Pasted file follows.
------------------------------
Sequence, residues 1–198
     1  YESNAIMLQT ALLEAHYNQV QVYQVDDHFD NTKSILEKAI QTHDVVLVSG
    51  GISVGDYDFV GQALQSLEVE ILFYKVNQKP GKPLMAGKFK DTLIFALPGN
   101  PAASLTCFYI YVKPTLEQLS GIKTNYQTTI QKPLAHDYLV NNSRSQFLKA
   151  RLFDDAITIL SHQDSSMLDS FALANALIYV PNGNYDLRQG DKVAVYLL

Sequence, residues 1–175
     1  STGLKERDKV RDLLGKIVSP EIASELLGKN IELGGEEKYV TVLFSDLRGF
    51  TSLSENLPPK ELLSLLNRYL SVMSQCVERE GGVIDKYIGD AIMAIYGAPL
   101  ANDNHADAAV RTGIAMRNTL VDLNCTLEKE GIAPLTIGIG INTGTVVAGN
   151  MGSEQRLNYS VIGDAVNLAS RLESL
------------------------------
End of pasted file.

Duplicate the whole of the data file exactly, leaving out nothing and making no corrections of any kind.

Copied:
Sequence, residues 1–198
     1  YESNAIMLQT ALLEAHYNQV QVYQVDDHFD NTKSILEKAI QTHDVVLVSG
    51  GISVGDYDFV GQALQSLEVE ILFYKVNQKP GKPLMAGKFK DTLIFALPGN
   101  PAASLTCFYI YVKPTLEQLS GIKTNYQTTI QKPLAHDYLV NNSRSQFLKA
   151  RLFDDAITIL SHQDSSMLDS FALANALIYV PNGNYDLRQG DKVAVYLL

Sequence, residues 1–175
     1  STGLKERDKV RDLLGKIVSP EIASELLGKN IELGGEEKYV TVLFSDLRGF
    51  TSLSENLPPK ELLSLLNRYL SVMSQCVERE GGVIDKYIGD AIMAIYGAPL
   101  ANDNHADAAV RTGIAMRNTL VDLNCTLEKE GIAPLTIGIG INTGTVVAGN
   151  MGSEQRLNYS VIGDAVNLAS RLESL